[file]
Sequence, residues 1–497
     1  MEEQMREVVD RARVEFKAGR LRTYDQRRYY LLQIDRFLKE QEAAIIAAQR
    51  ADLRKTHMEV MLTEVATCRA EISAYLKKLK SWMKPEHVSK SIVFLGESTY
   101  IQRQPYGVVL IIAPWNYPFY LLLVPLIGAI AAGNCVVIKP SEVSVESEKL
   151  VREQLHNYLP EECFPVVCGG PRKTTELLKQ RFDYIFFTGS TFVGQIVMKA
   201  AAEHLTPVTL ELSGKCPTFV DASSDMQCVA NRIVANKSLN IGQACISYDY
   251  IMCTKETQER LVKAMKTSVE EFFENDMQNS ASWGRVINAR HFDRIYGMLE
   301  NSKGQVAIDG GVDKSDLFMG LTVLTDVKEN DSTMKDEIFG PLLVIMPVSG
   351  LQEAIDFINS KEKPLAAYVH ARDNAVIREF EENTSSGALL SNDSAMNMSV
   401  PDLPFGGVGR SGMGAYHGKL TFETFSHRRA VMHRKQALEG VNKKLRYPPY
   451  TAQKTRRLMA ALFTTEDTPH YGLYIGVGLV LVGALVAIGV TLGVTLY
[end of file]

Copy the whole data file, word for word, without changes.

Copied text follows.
Sequence, residues 1–497
     1  MEEQMREVVD RARVEFKAGR LRTYDQRRYY LLQIDRFLKE QEAAIIAAQR
    51  ADLRKTHMEV MLTEVATCRA EISAYLKKLK SWMKPEHVSK SIVFLGESTY
   101  IQRQPYGVVL IIAPWNYPFY LLLVPLIGAI AAGNCVVIKP SEVSVESEKL
   151  VREQLHNYLP EECFPVVCGG PRKTTELLKQ RFDYIFFTGS TFVGQIVMKA
   201  AAEHLTPVTL ELSGKCPTFV DASSDMQCVA NRIVANKSLN IGQACISYDY
   251  IMCTKETQER LVKAMKTSVE EFFENDMQNS ASWGRVINAR HFDRIYGMLE
   301  NSKGQVAIDG GVDKSDLFMG LTVLTDVKEN DSTMKDEIFG PLLVIMPVSG
   351  LQEAIDFINS KEKPLAAYVH ARDNAVIREF EENTSSGALL SNDSAMNMSV
   401  PDLPFGGVGR SGMGAYHGKL TFETFSHRRA VMHRKQALEG VNKKLRYPPY
   451  TAQKTRRLMA ALFTTEDTPH YGLYIGVGLV LVGALVAIGV TLGVTLY